# Aiming very close cuts

#### Oikawa

##### Active member
How do you aim very close cut shots? Do you have some different method for them, or visualize and execute them just like any shot?

Image of the types of shot I'm talking about:

They are a big weakness of mine, so I'm looking for inspiration of some system, method or trick for them. I aim 95%+ of all shots by feel, but these are so annoying I wouldn't mind a system/method/trick if it works better than pure instincts.

What I've been doing this far is just aligning myself while standing to wherever the pot looks right, and then picking a "spot on the wall", extending the pot line as far as I can, and then aim for that spot. It works alright, but the instinctual part of "looking right" is much more inconsistent, compared to when the cut isn't so close.

Another style I rarely use in a clutch if the pot is very important, I'm not feeling confident and I'm not under a shot clock, is to calculate the (almost) exact potting angle (ignoring for throw), by using the table geometry an angle measurement tool.

If anyone is curious, the way I do that is by calculating the OB-pocket angle relative to the CB-approximated ghost ball center angle. This gives me a value between 0 and 8 (0-90 degrees), which I then convert to a fractional aiming point by using a memorized list of sin function values and interpolating between them (0->0, 1->2, 2->3.8, 3->5.6, 4->7, 5->8.4, 6->9.2, 7->9.8, 8->10), and do my best to aim towards that fractional point (0 = full, 5 = half ball hit, 10 = 90 degree cut), accounting/adjusting for throw if needed.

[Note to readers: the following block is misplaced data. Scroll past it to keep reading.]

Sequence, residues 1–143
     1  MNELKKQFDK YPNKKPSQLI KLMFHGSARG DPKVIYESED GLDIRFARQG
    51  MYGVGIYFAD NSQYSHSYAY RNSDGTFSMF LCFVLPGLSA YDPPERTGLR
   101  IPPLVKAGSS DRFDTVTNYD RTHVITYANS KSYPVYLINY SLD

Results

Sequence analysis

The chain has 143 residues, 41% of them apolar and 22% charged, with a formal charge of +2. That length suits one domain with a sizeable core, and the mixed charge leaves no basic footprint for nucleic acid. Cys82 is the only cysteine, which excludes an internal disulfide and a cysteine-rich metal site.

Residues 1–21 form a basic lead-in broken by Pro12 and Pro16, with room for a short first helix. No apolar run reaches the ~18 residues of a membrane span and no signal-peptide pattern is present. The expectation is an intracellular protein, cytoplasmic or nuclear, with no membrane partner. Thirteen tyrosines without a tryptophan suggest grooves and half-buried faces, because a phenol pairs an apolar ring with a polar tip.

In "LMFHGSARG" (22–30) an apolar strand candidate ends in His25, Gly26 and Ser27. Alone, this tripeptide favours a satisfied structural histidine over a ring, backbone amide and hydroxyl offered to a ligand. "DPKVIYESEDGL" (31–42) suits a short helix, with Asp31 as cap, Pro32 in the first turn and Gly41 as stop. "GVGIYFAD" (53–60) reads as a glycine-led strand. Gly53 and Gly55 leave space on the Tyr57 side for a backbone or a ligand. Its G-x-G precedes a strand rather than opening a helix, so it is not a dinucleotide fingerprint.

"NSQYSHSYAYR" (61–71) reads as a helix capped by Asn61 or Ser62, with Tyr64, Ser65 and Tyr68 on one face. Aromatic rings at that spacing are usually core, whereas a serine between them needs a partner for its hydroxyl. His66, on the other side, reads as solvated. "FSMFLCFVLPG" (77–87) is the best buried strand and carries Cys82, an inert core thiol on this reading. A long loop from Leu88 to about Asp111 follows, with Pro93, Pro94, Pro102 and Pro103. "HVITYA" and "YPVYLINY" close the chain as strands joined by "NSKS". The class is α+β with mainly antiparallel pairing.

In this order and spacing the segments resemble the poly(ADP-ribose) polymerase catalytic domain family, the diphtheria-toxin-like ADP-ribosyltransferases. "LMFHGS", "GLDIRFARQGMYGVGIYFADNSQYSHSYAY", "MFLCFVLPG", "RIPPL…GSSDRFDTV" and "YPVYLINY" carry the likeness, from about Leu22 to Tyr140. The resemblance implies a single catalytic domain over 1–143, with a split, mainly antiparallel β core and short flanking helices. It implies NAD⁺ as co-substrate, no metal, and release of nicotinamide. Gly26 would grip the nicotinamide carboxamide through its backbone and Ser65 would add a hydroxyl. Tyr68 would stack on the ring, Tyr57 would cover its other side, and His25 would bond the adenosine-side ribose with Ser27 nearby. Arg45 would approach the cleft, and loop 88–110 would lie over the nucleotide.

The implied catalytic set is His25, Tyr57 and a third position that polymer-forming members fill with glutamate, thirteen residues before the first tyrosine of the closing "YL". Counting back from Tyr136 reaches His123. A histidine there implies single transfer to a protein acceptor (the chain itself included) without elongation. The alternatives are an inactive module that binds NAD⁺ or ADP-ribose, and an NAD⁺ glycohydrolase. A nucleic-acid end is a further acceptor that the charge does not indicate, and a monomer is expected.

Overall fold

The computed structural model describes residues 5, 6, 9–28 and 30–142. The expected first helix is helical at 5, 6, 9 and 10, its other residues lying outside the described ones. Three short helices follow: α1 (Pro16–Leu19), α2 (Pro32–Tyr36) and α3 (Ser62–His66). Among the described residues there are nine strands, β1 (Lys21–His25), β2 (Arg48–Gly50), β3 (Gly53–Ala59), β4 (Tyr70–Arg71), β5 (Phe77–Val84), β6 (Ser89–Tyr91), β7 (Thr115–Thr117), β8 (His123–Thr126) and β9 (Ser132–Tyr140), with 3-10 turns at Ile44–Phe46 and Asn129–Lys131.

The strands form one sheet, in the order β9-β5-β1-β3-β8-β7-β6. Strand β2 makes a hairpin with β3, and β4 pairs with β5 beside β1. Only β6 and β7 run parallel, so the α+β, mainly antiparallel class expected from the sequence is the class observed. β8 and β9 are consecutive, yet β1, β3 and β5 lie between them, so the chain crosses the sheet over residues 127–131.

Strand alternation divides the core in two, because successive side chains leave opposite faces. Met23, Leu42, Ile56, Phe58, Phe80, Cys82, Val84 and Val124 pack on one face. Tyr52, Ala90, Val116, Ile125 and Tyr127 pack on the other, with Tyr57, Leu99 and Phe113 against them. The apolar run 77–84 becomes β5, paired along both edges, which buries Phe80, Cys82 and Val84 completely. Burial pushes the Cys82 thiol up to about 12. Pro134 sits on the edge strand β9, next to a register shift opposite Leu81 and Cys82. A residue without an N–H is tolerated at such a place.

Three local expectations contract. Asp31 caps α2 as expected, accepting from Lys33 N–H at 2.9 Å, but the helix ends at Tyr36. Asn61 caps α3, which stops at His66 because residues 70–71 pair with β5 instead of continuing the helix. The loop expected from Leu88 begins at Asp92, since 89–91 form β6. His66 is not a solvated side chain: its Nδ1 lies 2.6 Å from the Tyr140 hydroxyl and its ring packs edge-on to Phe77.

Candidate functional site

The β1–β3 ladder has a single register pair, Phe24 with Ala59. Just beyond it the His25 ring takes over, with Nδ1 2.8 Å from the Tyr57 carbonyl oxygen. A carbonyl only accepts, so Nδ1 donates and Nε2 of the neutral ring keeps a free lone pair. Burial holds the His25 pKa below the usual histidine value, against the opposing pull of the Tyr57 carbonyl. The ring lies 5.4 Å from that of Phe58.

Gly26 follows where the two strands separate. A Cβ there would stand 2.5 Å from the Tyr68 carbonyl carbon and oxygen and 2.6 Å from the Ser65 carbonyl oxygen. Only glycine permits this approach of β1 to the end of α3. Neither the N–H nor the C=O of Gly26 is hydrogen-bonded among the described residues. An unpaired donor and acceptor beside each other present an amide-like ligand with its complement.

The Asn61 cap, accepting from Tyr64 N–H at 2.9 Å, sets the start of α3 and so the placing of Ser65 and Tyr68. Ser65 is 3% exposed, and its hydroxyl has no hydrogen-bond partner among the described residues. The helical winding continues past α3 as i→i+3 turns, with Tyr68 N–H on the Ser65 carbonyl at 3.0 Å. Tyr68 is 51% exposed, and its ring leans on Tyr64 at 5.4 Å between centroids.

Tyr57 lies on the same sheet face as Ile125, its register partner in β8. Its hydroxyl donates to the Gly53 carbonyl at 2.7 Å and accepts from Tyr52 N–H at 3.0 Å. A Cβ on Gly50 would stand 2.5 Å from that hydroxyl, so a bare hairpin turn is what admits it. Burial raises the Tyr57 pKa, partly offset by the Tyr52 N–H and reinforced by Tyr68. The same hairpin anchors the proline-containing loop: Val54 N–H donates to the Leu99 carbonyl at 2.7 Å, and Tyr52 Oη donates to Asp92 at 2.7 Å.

That "system" (not sure what to call it, came up with it myself although I'm sure many people have come up with similar ones) can fail if your initial guess of ghost ball center is off by too much, but the system has a nice self-correcting property to be even more accurate if you iterate it two (or more) times in a specific way (the value you get out of it reveals if the original guess was off, and the direction it was off by). I can explain more if someone is curious about this.

But anyway, it works "good", and can be used for any shot, it's just painfully slow, so I don't bother except in very rare circumstances where it's worth it, which usualle are very close cuts.

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#### Bob Jewett

##### AZB Osmium Member
Staff member
Gold Member
Silver Member
There is a system for aiming shots like the 1 ball. See one of my articles here:

I think Dr. Dave also covers that case on his website.

For the other two, you have to pay attention to the amount of thin overlap of the two balls (1/16th 1/32nd, etc.) and develop a feel for the cut angle that will result for each amount of overlap. There is also the "lens overlap" system for those.

#### evergruven

##### AzB Silver Member
Silver Member
not an instructor
I can say getting up and really looking at the pocketing angle has helped me with a lot of shots
it never seems to hurt, anyway..give your brain that info. and let it rock